Tutorials > Databases

Datatypes in SQL databases

The differences between a number, a string, and a date

As we've seen in previous tutorials, working with SQL databases requires us to be very specific. We have to tell the SQL interpreter what columns to show, for example, and in what order, and if we're joining two tables on the same named-field, we have to specify what seems to be pretty obvious, i.e. JOIN users ON users.name = people.name.

So it should be no surprise that we have to specify the kind of data we're working with. Just because a column contains "Jan. 5, 2009" doesn't mean that the database will treat it like an actual date. Hell, a database won't even treat numbers like numbers without some nudging.

In this tutorial, we'll get an overview of how to specify data types in SQL databases. This can get most complicated when dealing with dates and with the NULL state; in fact, there's a whole separate tutorial on NULL which you'll want to read.

Note: For this SQL lesson, I will be using MySQL and the Sequel Pro GUI. The queries and concepts should be the same as they are with SQLite. The database we will use consists of five tables:

  1. members - Current U.S. congressmembers as of October 2014
  2. terms - The terms served by the current U.S. congressmembers
  3. social_accounts - social account names for current U.S. congressmembers
  4. twitter_profiles - Twitter profile data for the accounts in social_accounts
  5. tweets - The most recent 3,200 tweets of each Twitter profile (about 800,000+ tweets altogether)

Excel auto-conversion

If you've used Excel (or any other modern spreadsheet), you've probably noticed that when you type something that looks like a date:


It will magically guess that you are specifying a date. And in the above example, where I write "January 9", Excel will helpfully assume that I must mean January 9, 2014, and then convert it to the American shorthand for dates: 1/9/14


If I really did mean "January 4, 2014", then this is a nice convenience. Because it allows me to use Excel's date-based functions, such as YEAR.

However, if I don't mean an exact date, e.g. I'm using that column to specify annual holidays and occasions that happen every year, well, Excel's auto-conversion can be a bit annoying.

An egregious example of this occurs with numbers. New Jersey's zip codes are 5-digits, like every other U.S. state. However, they start with 0, e.g. 08400 for Atlantic City and 07030 for Hoboken. But to Excel, 07030 looks like 7030 with a useless 0, and it will be happy to make an unsolicited conversion for you:


In databases, this can result in some possible problems when trying to join different tables in which 07030 is 07030 in one table, and 7030 in another. So when importing data into a new table, we have to be specific about the datatypes of each column.

The Structure tab for GUIs

Both SQLite Manager and Sequel Pro have a Structure tab which let you edit the Type of data for each column.

Here's what the Structure tab for SQLite Manager looks like for the tweets table:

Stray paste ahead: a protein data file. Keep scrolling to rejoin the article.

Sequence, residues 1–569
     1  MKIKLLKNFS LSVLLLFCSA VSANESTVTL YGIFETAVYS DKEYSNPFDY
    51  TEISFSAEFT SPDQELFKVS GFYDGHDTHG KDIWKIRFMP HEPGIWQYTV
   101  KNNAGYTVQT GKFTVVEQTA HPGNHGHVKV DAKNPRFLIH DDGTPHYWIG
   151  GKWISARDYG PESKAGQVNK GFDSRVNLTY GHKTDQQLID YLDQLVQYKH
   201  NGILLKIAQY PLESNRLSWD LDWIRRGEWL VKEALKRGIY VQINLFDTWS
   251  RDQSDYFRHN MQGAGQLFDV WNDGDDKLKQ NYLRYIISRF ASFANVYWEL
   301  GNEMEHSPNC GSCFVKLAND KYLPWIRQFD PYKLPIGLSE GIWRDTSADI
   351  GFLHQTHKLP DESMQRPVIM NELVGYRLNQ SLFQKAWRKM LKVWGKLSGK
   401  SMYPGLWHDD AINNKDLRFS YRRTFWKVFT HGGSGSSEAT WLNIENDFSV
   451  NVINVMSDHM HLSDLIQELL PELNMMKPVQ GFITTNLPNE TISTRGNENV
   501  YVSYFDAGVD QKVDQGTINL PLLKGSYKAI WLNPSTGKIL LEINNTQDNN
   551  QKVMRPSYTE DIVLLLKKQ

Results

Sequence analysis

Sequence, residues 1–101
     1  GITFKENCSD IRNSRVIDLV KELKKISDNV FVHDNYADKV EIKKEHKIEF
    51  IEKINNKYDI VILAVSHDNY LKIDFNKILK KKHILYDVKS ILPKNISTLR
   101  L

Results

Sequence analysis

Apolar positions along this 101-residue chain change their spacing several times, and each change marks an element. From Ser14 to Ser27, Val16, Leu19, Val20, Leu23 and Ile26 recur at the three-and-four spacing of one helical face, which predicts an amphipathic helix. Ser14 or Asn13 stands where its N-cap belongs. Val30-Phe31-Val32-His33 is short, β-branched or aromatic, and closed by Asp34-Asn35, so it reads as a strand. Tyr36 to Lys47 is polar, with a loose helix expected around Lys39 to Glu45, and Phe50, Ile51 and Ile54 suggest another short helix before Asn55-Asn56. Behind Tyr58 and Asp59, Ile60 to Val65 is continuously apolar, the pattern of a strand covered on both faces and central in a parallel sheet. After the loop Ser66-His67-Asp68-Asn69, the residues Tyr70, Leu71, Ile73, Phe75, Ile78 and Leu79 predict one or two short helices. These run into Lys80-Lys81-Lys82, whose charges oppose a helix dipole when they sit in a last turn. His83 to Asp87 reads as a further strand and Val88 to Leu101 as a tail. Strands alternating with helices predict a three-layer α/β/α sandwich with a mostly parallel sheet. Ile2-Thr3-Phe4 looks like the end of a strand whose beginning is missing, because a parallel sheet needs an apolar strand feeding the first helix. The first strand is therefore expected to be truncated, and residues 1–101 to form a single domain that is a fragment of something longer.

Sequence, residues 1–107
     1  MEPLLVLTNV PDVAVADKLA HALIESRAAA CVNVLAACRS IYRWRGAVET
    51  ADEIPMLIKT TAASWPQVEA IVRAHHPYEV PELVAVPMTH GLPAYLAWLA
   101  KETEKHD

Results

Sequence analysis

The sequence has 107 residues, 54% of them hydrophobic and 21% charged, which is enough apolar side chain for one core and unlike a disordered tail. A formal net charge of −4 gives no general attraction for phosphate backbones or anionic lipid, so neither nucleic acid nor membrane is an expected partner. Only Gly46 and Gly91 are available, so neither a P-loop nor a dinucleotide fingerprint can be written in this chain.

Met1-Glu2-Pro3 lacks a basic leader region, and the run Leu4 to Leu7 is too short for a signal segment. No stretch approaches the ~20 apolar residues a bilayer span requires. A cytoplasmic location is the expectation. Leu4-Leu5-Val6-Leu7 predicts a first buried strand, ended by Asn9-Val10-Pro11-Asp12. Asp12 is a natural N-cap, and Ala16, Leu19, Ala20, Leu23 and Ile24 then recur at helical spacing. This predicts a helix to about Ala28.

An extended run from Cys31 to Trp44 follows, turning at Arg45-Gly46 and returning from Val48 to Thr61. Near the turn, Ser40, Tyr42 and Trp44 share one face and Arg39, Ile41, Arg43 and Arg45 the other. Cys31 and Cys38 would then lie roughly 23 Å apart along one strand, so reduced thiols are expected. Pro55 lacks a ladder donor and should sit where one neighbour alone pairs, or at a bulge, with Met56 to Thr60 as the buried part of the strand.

And this is Sequel Pro:


Data types

Both SQLite and MySQL (Sequel Pro) share similar terminology for data types. Here's some of the column definitions for tweets in SQLite:

Name Type
user_id INTEGER
screen_name VARCHAR
source CHAR
created_at DATETIME
retweet_count INTEGER
favorite_count INTEGER

And in MySQL (Sequel Pro):

Field Type Length
id BIGINT 16
user_id BIGINT 16
screen_name VARCHAR 25
source VARCHAR 255
created_at DATETIME  
retweet_count INT 11
favorite_count INT 11

Data type definitions

Covering everything about data types is outside the scope of this tutorial. Check the MySQL and SQLite reference docs for better coverage. But here's the Cliff Notes version:

Type Description Examples
INTEGER or INT A whole number -2, 128, 99999
CHAR or VARCHAR Strings of characters "J.F.K", "John Malkovich", "042"
FLOAT or REAL (SQLite) Numbers with decimal points 42.2, 90.0, -0.5
DATETIME or DATE Dates/times represented by the ISO standard 2009-11-04, 1999-03-30 16:20:59
TEXT or BLOB This seems like it'd be the same as CHAR or VARCHAR. But TEXT fields are reserved for very large fields of text. Thousands, millions, or even billions of characters. [Imagine me pasting the entire works of Shakespeare into this column]

The length of data types

MySQL specifies the size of a column. For a column of type CHAR or VARCHAR, i.e. text strings, a length of 10 would mean that the column can hold 10 characters.

Why not make the data columns as big (or long) as possible? For storage and performance reasons. For most of what we cover in this course, though, that is not a real issue. It becomes an issue if you ever decide to be a full-time data developer, or, more likely, you try to work with someone else's database, in which case you might get errors when trying to import data that's too big for a certain field. So file this under the "nice to know, check Google when it causes trouble" folder.


Numbers and string fields are pretty straightforward. But dates and timestamps may cause you considerable grief.

Let's start off easy, with the tweets table in which created_at is conveniently defined for you as a type of DATETIME. All the values follow the ISO 8601 standard.

Therefore, a created_at value of this:

2014-10-02 14:40:34